Whether we like it or not, many mothers, not all, through no fault of their own are still ignorant of the benefits and necessity of milk. There are expectant mothers and mothers with young families who do not appreciate the necessity of milk in their children's diet. In the same way that we have malnutrition in poverty we have malnutrition in affluence. Mothers do not appreciate that a diet of chips and pop is not the best thing for their children. This measure will have the additional effect of reducing the importance of milk in the minds of mothers. When the Government no longer supply cheap welfare milk, cod liver oil and orange juice, mothers will think that they cannot be so important and will ask why they should go out and buy these commodities. The result of all this will be that the majority of pre-school children will not be receiving a sufficient amount of welfare milk.

There are in the Order invidious exceptions similar to the invidious exceptions in the Education (Milk) Bill. Children are being categorised into those who need free milk and those who do not, and the categorisation is based on no clear logic.

First, free milk will be available to all educationally subnormal children up to the age of 12 and all handicapped children attending special schools. Where is the logic of that? Why is milk essential to the physical well being of a handicapped or mentally backward child but not essential to the physical well-being of a mentally normal child? There is no medical evidence that children attending special schools for mental conditions need more milk than children attending normal schools. Here there is set up a completely invidious category of children.

Secondly, free milk will be available for children in day nurseries and private day care groups. Children who go to nursery schools are in one of two categories. There are the privileged children whose parents can afford to pay for them to go, and the under-privileged children who are there because they have an unmarried, divorced or widowed mother or a mother who has to work outside the home. For some reason known only to the Government, these children in day nurseries who are either very privileged or under-privileged will be set apart to receive free milk.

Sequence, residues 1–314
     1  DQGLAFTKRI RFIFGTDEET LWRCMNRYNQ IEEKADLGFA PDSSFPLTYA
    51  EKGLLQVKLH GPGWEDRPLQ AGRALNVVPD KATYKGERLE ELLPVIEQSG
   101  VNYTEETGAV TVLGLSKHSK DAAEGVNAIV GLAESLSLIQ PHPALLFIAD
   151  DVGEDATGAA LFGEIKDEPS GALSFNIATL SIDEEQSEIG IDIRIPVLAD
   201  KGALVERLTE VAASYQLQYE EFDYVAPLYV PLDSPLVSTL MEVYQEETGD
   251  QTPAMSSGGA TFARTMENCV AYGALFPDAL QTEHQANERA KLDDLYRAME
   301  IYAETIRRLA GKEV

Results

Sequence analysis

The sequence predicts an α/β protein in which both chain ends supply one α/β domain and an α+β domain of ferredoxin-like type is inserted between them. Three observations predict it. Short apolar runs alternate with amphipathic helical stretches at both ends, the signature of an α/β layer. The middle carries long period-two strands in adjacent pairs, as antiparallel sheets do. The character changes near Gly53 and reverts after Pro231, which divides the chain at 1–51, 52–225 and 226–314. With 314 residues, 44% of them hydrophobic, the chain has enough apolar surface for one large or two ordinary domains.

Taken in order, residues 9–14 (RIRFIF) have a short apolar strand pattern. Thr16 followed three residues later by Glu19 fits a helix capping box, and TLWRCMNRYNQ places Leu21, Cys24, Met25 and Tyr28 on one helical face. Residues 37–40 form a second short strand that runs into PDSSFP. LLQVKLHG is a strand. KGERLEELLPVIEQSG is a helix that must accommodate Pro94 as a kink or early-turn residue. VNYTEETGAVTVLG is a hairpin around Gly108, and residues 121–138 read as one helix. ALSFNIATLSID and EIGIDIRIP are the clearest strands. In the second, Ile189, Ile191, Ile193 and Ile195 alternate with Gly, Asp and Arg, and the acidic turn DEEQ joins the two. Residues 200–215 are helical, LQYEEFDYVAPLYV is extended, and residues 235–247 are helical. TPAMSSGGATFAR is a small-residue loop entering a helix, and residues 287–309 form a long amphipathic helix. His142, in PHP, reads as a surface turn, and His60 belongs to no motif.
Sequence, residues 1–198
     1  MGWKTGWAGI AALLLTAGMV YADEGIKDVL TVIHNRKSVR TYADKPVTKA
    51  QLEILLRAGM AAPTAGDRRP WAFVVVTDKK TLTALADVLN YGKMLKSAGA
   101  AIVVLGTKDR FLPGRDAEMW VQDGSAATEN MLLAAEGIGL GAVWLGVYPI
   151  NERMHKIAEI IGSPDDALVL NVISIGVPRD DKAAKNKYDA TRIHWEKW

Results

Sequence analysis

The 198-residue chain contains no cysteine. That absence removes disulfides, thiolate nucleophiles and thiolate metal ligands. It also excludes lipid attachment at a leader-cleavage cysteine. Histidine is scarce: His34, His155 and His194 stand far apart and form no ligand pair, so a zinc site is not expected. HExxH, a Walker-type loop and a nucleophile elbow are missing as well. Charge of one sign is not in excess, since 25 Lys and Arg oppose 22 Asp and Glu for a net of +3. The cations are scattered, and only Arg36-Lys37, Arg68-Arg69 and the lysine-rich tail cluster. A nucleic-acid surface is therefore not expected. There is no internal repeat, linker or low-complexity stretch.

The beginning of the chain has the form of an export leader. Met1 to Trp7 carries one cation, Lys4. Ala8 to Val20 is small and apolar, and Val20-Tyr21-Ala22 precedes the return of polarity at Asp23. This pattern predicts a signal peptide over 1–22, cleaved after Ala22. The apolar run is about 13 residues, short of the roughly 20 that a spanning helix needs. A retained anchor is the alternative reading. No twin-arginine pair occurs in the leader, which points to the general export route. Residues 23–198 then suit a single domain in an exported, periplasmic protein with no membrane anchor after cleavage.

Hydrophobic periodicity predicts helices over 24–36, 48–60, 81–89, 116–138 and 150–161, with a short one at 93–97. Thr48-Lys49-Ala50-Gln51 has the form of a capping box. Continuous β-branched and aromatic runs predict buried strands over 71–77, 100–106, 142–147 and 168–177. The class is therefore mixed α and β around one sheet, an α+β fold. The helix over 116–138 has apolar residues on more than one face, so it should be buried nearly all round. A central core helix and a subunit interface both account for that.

Thirdly, expectant mothers who have two children under 5 will receive free milk. How this has been arived at is unexplained. An expectant mother with one child under 5 does not qualify, an expectant mother with no children under 5 does not qualify, but an expectant mother with two children qualifies. The complete inconsistency of the milk scheme contained in the Bill and the Order can be summed up by saying that from now on milk will be completely free for children between 5 and 7. It will not be free for all children under 5 and it will not be free after they reach the age of 7; between the ages 5 and 7 all children will have free milk. There is no logic or reason in it and there is certainly no scientific basis. According to the Government the main growing years, when free milk is needed, are between the ages of 5 and 7.

Will there be any monitoring of this Order in the way that we heard there is to be under the Bill? Will there be monitoring of these children no longer receiving cheap welfare milk, a nationwide survey? Will the hon. Gentleman undertake, as was done with the Bill, to reconsider the Order if he finds by the monitoring that there is deprivation of these children? Why under this Order do we not have, as we did under the Bill, free milk for children so-called at risk medically? There are surely in the Government's view—although I do not understand their reasoning about this—children under 5 who are at risk medically and need extra milk just as there are children over 5 at risk medically needing extra milk. I do not see how these children will be categorised as needing extra milk.

To me milk is not a medicine given as treatment for some illness; it is a physiological necessity, a basic food that children should have, whether they are ill or well. In view of the Government's argument perhaps the Minister will explain why the under-5s are not to be categorised as medically at risk and given special treatment?

In all this there is no sign of progress towards preventive medicine. Milk is given to children as a nutritious food to create healthy, strong, non-ricketed limbs. Milk is not given to children whom it is thought are in need of it because they are in some way deficient. It is not a drug but it is an essential foodstuff, and it should be available to the expectant mother, the infant and the school child, throughout the period when that child is growing up, to the age of adolescence.